And so they kept on.
A stealthier, quieter, softer form of violence.
other Gladers felt reassured not to see them bruised, injured, broken
anymore, and the brave med-jacks could finally take some rest.
But more intrusive, enhanced, baneful.
former fights now almost seemed quiet in comparison to their new ones. But as
ever, neither of them wanted to give in. Gally still felt Thomas' body on
his, but it wasn't the same. He had used to know the Runner's body
better than anyone could ever do, but he now had to learn everything
again. They had started to express their hatred with their mouths
instead of their fists. It wasn't so different, and yet. . .
One day, Chuck had asked Thomas about Gally, had anything changed between them? As his friend had astoundly looked at him, the kid had tried to explain: the Builder and him now didn't argue as often as they used to. "No, he's still an asshole." Thomas had answered. "But you don't fight anymore. . ." Chuck had hesitated, and the Runner had agreed not to worry the little boy.
Because indeed, they fought. But their combats had to remain unknown to anyone but them, secret, personal, intimate.
of them pinned the other against a tree, and crushed their mouths
together with an hateful kiss. The "Let's fight" they agreed on on that
day was pulsing on their tongues, burning. Gally then slipped his hands
under Thomas' t-shirt. The boy stiffened as the tallest one's fingers
started to run on his skin, hushed a gasp of anger.
He broke the kiss to attack the other's neck. He descended slowly, willingly taking his time to impose his presence on Gally who hated it, then stopped near the collarbone to suck on the skin. The Keeper stifled a quiver, there wasn't any way the boy's assault would make his Builder's sturdy shoulders shudder! His fingers ran faster, from Thomas' hips to waist, the Runner snuggling against Gally who couldn't repress a shiver of anger from running the long of his spine.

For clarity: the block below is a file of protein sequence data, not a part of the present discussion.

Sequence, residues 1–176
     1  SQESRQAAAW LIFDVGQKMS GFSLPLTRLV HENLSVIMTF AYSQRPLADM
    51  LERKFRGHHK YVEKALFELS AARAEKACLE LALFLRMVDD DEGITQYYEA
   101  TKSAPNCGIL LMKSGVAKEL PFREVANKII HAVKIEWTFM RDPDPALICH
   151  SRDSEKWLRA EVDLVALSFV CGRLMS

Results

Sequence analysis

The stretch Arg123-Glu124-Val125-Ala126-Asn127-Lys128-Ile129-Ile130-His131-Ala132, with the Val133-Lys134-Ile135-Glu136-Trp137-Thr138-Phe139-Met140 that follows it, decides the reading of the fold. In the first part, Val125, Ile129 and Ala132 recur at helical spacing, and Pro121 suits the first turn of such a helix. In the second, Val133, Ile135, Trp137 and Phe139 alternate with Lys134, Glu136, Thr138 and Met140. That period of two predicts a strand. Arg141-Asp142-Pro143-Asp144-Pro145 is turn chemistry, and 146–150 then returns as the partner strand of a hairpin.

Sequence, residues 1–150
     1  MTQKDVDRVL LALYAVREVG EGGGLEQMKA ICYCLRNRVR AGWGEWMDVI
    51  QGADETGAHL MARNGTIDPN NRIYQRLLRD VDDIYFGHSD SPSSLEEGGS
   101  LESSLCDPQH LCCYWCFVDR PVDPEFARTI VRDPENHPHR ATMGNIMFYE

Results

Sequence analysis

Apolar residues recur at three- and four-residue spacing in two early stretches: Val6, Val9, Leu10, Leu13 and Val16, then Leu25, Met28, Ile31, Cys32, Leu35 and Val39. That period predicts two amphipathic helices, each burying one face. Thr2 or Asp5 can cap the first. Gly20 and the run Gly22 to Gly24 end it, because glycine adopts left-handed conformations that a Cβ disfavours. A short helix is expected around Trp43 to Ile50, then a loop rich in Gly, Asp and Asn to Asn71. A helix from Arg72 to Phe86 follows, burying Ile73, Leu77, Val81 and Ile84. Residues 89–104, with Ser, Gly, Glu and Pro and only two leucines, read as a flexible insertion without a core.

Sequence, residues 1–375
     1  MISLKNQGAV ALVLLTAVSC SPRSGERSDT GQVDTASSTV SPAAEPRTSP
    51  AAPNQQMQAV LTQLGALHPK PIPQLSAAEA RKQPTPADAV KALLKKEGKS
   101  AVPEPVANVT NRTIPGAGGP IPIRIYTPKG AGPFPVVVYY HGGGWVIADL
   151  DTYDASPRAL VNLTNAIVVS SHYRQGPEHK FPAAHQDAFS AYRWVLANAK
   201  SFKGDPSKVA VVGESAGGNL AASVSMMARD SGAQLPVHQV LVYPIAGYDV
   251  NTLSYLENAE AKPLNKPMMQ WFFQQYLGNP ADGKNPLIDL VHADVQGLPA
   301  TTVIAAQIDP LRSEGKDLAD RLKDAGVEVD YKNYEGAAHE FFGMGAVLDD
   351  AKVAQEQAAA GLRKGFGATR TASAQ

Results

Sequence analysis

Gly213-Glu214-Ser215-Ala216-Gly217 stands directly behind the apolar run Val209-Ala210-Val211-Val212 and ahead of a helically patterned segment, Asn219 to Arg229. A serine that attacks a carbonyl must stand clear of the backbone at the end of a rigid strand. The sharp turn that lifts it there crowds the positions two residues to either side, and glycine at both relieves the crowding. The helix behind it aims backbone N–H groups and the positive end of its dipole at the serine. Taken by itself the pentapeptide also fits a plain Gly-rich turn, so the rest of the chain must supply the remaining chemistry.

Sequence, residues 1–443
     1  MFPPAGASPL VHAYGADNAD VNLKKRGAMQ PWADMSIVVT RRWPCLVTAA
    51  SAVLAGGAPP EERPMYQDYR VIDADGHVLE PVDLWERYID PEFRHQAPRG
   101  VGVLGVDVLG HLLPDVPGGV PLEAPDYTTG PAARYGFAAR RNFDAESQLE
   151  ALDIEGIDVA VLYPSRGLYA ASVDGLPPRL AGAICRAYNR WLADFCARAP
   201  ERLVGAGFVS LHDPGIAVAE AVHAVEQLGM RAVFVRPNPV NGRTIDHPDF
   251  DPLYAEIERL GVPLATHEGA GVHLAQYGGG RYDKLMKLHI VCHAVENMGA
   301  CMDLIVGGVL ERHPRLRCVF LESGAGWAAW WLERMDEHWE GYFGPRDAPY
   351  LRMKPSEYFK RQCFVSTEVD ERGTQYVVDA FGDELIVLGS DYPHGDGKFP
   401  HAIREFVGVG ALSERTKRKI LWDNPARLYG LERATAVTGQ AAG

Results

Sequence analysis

They always ended up pressed against each other, half-sat against the tree, husky breath, skin on skin, the same burning hatred pounding in their ears. No winner.
When Gally last felt Thomas' body on his, he had killed Chuck.
He had killed Chuck when trying to shoot Thomas.
He had killed Chuck, and the Runner had rushed towards him, thrown him to the ground, and endlessly punched him. Gally hadn't even thought about protecting himself.
He had killed Chuck. Thomas was hitting him, and the only thing Gally could feel, instead of his broken nose, his exploded lower lip, his fractured jaw, was his crushed heart. This was how true hatred hurt, destroyed the other, body and mind. Hatred, not desire, made Thomas' breath husky, his body burning, his full lips dry.
Hatred, the real one, not the fake they had pretended to feel for all those weeks, was now blinding and guiding Thomas.
Gally was simply lying there, under the flood of punches, far too aware
of Chuck's corpse in front of him and of the boy's screams
reverberating through the laboratory in a endless and inaudible echo,
too justified to be beared, immobile. He stayed immobile because, what
could have he done? The cruel, terrible truth was choking him more and
more with each Thomas' blow.
Nothing would have been important if Gally had countered the attacks, but he couldn't move, he just beared the punches instead of the facts, dying more and more, bit by bit, because the truth was patiently waiting for him not being able to avoid it anymore. And it eventually reached him, obvious and petrifying.
Since that day when he had crushed their lips together
When he had allowed them to fight on the same level
When Thomas had earnt the possibility to seize his heart and make it beat faster
Gally had lost.